With this, I’m currently writing this post while listening to Dr. John Portelli from OISE’s Centre of Culture and Diversity, reflect and charge teachers with the challenge to recognize that teaching, learning, creativity and innovation is in service of equity and inclusive education. It’s within this mindset that educators work to ensure that “deficit mentality” does not take root.

Who students are matter.

Their home life matters.

Their perspective matters.

Students must be valued and empowered as a core principle of learning.

This is all to say that teaching, learning, creativity and innovation is not about the teacher but the student. As such, being a teacher is in service and is a practice of mobility that evolves over time as students (and who they are) evolve and change. As such, to teach students in 2018 in the same way as 1980 provides room for evolution of practice as it does not take into account the evolution of economy and culture and how the lives of students have changed. With this, teacher practice must change with time, patience and practice.

Within the context of literacy as an enabler of deep learning, my focus on media literacy within the framework of innovation as a mechanism that mobilizes culturally responsive teaching and learning speaks to the need for multi- literacies. In looking at literacy directly, video production as a mode of multi-literacy can be a great transformative agent that allows students to not only document learning but also share their expressive voice. Gone are the days of the singular essay, where “intelligence” is defined by the written word. In recognizing that education cannot be founded within a “one size fits all” framework, video production is just one example of a global and transferable skill that can personalize learning and empower students through a critical, creative, collaborative and communicative practice.

Below is a recently published article that I wrote that looks at the viability of video production as a critical literacy. The article, published in the Ontario English Catholic Teachers’ Association Catholic Teacher Magazine highlights my teacher-teacher professional learning initiative “Shoot for the Edit.”


Screen Shot 2018-11-28 at 9.25.26 PM

For the complete December publication, please click here. Warm thanks to OECTA for giving me the opportunity to share and reflect.

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Media Literacy is a Critical Literacy


Well before I became a teacher, I was in the intellectual minefields of justifying my film studies within the circles of english majors and aspiring political scientists. Although film is without argument the most global industrial art form with an unprecedented reach (only heightened by Web 2.0 and Streaming), with its own evolving technical language and over 120 years of technological and narrative history, the study of film (or popular media) is consistently deemed or viewed upon as “lesser.” For example, in my work as a high school teacher, when I take my students to see movies at our local multiplex, I’m aware that colleagues may pass judgment – reinforcing the notion that sharing in the movie experience is just entertainment. Although entertaining, popular film and media holds great cultural meaning and taking into account the visual dominance of the medium, it’s a missed opportunity not to empower students within the context of what they so readily consume and access. As such, within the realm of education and the moral imperative to empower student voice and narrative, film production is a medium that readily marries cultural literacy with personal experience.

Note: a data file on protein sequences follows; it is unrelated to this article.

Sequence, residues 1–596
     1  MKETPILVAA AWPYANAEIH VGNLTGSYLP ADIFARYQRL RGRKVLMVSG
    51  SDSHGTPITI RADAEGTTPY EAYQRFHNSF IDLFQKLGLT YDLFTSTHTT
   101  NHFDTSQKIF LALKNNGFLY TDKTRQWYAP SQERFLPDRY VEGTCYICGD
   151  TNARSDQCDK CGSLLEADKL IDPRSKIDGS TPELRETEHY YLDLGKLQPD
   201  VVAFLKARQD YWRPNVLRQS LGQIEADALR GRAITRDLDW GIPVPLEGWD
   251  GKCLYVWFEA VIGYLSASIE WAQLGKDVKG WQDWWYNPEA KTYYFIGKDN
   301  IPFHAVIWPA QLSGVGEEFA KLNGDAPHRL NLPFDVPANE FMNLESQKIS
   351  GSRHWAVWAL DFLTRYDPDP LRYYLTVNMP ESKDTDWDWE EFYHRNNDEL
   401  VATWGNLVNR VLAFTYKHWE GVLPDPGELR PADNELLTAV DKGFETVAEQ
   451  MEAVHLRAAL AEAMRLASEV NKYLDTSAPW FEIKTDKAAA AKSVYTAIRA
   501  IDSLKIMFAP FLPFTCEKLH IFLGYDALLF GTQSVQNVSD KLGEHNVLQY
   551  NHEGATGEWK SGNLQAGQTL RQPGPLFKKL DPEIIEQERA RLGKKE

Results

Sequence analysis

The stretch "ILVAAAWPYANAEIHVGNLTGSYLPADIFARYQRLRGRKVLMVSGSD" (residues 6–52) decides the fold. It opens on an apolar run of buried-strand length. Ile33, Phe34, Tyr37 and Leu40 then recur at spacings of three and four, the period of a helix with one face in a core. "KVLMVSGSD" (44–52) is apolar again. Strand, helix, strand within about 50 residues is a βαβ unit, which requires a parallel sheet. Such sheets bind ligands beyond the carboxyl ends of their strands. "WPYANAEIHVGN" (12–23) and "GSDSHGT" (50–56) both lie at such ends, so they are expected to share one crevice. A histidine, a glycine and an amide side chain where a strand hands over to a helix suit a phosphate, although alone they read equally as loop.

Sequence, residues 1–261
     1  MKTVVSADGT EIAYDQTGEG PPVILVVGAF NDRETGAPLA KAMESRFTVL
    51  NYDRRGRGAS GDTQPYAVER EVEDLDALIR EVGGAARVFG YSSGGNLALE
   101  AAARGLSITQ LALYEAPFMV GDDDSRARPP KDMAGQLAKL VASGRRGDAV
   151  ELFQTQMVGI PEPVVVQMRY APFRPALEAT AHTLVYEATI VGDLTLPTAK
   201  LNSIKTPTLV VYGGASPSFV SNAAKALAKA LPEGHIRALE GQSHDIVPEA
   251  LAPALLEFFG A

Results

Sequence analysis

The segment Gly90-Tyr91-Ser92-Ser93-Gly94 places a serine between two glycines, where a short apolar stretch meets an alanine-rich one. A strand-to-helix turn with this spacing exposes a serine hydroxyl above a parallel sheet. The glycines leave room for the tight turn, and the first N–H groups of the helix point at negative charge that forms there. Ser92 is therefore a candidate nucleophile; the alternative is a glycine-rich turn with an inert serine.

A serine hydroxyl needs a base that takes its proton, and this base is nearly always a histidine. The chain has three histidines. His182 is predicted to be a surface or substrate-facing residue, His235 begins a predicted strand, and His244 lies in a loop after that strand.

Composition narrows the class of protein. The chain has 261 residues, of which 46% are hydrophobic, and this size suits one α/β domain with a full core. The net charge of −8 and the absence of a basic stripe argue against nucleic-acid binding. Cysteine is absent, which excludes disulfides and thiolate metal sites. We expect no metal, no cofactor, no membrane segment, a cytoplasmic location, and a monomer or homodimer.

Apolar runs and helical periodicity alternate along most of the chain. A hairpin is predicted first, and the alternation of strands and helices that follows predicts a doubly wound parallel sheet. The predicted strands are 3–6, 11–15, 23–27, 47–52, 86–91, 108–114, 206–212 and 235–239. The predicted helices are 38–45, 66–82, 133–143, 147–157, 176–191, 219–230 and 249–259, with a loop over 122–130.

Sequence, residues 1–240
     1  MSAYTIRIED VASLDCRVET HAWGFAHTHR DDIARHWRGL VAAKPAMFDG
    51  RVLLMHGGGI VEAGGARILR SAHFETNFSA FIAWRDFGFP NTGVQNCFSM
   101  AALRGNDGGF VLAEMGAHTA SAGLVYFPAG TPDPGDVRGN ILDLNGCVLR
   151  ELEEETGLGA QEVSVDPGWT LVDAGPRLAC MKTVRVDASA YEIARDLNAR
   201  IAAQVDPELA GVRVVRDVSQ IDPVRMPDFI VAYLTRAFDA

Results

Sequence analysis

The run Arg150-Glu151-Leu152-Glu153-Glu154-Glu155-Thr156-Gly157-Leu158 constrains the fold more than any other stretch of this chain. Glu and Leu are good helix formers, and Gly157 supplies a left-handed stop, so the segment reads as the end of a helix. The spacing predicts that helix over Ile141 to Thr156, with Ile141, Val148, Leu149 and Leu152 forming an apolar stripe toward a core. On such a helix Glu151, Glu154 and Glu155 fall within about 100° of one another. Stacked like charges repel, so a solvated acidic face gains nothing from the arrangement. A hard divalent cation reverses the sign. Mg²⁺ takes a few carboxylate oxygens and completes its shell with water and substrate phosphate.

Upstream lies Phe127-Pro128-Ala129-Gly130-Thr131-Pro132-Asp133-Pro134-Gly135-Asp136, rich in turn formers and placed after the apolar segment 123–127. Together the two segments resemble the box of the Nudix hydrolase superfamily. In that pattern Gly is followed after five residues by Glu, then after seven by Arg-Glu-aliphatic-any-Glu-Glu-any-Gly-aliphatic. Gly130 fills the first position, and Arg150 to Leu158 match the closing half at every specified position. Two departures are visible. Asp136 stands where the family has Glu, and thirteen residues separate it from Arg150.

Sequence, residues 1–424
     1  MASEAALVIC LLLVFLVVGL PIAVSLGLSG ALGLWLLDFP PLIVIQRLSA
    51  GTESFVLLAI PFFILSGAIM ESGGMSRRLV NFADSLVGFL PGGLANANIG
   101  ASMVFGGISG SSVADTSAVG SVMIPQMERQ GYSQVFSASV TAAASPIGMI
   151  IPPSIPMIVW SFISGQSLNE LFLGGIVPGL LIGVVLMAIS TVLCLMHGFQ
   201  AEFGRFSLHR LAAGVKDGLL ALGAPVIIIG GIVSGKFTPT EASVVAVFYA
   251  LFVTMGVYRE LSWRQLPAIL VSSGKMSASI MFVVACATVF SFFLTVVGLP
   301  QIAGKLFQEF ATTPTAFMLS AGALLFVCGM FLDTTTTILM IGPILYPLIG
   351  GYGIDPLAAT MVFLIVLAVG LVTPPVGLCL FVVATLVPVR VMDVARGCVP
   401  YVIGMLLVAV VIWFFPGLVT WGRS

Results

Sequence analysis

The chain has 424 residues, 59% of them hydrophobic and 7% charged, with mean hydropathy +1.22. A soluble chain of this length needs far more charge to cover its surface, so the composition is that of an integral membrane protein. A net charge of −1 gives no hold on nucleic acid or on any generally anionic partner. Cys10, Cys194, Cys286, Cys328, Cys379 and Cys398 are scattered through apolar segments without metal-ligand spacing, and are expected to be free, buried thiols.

The practice of leveraging media literacy an enabler of cultural responsiveness is my critical focus for my work as a Master of Education student at Queen’s University and is rooted in my 14 years of teaching experience. With a focus on media literacy the goal is to construct learning where students are provided with the multi-modal tools to share who they are. Within this context, learning becomes personalized. The promise of personalized learning is a cross-cultural responsibility for teachers to shape – providing students with deep learning opportunities that motivate and foster self-worth. Equally, film (or video) is a viable enabler. As most students readily hold a production and distribution device in the palm of their hand (the smartphone has democratized the model of production), they can easily tell a story – their story.

Whether is be financial literacy and documenting their journey at a grocery store as they work within a budget to religion class where a short film is produced within the context of Catholic virtues, video production provides for the activation of voice and global competencies. Video production is all encompassing – students growing as collaborative, critical, creative, innovative and communicative learners.

For a deep read into this, check out “The Past, Present and Future of Media Literacy” by Renee Hobbs and Amy Jensen. Their deep exploration of media literacy with a focus on popular film is a real education in the power of the medium to shape deep learning and how media literacy was intentionally displaced by traditional academic thinking.